Cants, Cans, and Don’ts: The Expanse “CQB”

All right, Expanse, you have my attention. Having ended last episode as an unidentified ship was hurtling towards the last of the Cant crew, who are currently the prisoners of Mars, and with poor [REDACTED FOR SPOILERS] pinned to a wall, this week they drop us right back into the action…in a morgue?

Huh. Miller goes to the morgue to check out a body he found, which he believes was one of the guy’s on Juliet Mao’s space-Tinder. The mortician, who is hilarious, informs him that “The average life expectancy on Earth is 123 years. Higher on Mars. On Ceres? It’s 68.” Is this his subtle way of telling Miller to cut back on the booze? But seriously, what is Miller hoping to learn from Mao’s missed connection?

Meanwhile, in SPACE, Holden is on the bridge of the Martian ship, watching as the crew casually blasts torpedoes back at the Mystery ship. It’s a stunning contrast to the high emotion and drama of the Cant crew, and the straight up desperation of Holden’s people. (I hesitate to call them his “crew” since they’ve rejected his authority… I don’t know. Squad?) Holden is clearly freaked the hell out as he watches the screens, but the Martians don’t care. His interrogator takes this moment to lecture him on the differences between Earthers and Martians (don’t forget, Holden’s an Earther who has chosen to live in the Belt) and it mirrors Degraaf’s monologue about Mars from last week. While Martians have to scratch every bit of life from their planet, Earthers have all the air and water they could eve want, for free. They are innately selfish, and can’t understand what it means to “claw life out of nothing.”


Meanwhile, back on Ceres, Miller is trying to piece together the life of the corpse he found. He keeps trying to call Havelock, but assumes he’s having some R&R time when he doesn’t get an answer. Which, technically he is, but it’s that sort of forever-style R&R. Dammit. Why did I have to go and like Havelock??? Sorry. Miller ends up in the only scene that’s completely confused me so far. I was cool with the Belter patois, and I love the Martian interropill, but this? Miller goes to the dead man’s apartment, and walks into what seems to be a frat party/gambling den. When he tells the guests that their friend (?) is dead, they point to the vidscreen and Miller realizes that that’s his corpse, seemingly alive, and doing some sort of space-extreme-sport that involves slingshotting around Saturn? But apparently he dies doing that? Which leads to Miller realizing he’s a clone, so fair enough, but what the hell is this game? Are they betting on it? Does anyone ever survive it? It threw me out of the episode for a few minutes because I had so many questions about something that’s clearly a throwaway moment.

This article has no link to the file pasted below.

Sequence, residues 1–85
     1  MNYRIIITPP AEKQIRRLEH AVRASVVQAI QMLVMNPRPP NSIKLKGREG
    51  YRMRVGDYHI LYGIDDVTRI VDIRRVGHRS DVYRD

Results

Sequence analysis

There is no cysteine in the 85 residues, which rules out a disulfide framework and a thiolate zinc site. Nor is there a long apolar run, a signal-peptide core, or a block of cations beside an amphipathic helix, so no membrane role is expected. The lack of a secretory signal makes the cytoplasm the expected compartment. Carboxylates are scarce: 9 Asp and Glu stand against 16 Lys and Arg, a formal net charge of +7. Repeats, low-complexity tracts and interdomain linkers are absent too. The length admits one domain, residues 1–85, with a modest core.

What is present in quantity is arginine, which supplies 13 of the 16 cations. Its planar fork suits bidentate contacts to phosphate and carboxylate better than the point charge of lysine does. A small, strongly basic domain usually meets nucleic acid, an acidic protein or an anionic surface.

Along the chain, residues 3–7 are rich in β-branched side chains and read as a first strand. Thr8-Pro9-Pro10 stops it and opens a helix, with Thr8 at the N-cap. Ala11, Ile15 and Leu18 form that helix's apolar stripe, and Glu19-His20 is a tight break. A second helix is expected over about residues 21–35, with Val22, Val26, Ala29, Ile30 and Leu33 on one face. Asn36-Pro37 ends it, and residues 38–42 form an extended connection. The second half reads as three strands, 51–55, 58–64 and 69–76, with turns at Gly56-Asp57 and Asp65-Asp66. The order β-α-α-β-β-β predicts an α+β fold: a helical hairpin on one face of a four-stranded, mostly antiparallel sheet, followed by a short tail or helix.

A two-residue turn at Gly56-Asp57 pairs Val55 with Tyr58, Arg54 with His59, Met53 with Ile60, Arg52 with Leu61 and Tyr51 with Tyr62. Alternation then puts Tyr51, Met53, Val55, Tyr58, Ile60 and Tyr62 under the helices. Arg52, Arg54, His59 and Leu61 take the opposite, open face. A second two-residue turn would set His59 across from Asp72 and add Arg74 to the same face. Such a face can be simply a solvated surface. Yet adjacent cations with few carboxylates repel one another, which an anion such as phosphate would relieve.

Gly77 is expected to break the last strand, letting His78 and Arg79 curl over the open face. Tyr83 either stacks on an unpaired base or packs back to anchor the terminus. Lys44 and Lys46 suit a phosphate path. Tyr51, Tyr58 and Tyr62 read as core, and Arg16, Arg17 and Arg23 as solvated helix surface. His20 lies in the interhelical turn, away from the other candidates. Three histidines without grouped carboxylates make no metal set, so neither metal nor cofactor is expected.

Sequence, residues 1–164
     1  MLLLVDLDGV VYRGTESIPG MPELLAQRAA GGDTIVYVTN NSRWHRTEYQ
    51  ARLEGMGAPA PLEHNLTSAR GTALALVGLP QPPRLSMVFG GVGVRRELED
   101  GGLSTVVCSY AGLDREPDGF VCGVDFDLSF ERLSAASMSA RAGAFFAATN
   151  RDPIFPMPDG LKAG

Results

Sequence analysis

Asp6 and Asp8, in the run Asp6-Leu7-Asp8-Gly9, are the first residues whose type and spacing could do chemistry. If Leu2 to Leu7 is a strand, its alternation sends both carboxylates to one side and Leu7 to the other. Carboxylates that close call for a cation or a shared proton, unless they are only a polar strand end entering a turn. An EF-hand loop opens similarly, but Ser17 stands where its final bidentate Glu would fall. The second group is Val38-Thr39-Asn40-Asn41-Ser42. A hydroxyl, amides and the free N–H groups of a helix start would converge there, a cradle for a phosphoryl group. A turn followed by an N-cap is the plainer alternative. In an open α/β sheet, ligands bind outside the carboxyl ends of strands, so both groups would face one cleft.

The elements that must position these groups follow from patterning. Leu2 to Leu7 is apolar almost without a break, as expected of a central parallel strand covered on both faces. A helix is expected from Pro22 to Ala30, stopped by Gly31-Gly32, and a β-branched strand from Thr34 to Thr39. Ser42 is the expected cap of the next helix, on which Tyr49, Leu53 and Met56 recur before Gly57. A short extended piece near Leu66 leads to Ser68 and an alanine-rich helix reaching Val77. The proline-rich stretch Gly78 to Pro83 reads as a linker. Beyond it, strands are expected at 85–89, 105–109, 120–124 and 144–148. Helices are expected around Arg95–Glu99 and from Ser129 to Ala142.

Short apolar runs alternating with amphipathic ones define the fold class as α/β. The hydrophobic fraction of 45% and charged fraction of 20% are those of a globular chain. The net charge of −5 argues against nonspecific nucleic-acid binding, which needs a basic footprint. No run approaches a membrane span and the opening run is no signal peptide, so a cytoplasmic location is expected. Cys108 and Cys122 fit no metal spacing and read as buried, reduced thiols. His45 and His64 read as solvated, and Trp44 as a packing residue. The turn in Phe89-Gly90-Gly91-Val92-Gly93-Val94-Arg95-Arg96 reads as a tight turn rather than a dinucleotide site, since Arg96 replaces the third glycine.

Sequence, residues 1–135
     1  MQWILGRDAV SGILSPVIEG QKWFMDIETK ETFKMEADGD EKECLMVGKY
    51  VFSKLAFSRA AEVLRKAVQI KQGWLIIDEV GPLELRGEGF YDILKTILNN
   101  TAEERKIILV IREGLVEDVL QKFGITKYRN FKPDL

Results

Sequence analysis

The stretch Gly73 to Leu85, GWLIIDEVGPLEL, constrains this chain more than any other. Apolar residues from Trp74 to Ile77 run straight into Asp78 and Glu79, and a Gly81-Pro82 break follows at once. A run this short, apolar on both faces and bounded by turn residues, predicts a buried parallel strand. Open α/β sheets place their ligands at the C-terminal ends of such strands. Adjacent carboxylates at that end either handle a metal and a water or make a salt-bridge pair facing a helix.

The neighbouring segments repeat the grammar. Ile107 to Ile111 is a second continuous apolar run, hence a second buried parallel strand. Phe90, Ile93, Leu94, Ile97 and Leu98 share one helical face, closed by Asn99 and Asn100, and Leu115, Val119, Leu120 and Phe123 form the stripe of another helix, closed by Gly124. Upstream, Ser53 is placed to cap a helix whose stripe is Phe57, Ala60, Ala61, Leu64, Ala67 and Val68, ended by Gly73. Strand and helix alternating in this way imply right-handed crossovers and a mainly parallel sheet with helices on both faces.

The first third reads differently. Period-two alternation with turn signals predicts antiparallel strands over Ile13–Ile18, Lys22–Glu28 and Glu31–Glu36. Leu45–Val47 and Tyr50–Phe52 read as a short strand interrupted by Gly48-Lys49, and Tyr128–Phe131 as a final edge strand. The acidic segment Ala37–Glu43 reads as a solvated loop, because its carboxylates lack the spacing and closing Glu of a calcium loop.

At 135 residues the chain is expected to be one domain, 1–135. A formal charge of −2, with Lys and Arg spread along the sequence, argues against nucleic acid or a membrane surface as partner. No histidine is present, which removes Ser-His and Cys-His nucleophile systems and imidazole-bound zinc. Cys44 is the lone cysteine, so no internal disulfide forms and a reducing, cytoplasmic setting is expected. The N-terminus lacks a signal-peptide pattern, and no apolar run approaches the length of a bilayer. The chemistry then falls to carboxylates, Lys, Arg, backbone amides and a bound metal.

But we’re not even to the most intense scene yet. Obviously, the Martian attack on Mystery Ship didn’t work. Narratively speaking that was a given. But rather than focusing on the battle, the show continues to make me happy by giving us a bunch of small moments that allow the characters to reveal themselves in the context of battle. When a direct hit rocks the bridge, one of the officers falls and his gun goes flying. Holden notices the gun, and the Martian notices Holden noticing it. We track all that, and then Holden is kneeling on the floor, trying to help the injured crewmember and ignoring the gun. The Martian notices that, too. We cut back to Naomi, Alex, Amos, and Shed the (Fake) Medic, who are trapped in their holding pen as the ship starts getting hit. They strap into seats, which give them a little stability, but Alex is having a panic attack. Shed the (Fake) Medic talks him through it, and reaches out to give him some Space Valium, when Alex’s face suddenly freezes into a mask of horror. The camera cuts around, and we see that a direct hit has blown a hole in the wall, and the vacuum of space beyond the wall has torn Shed the (Fake) Medic’s head off.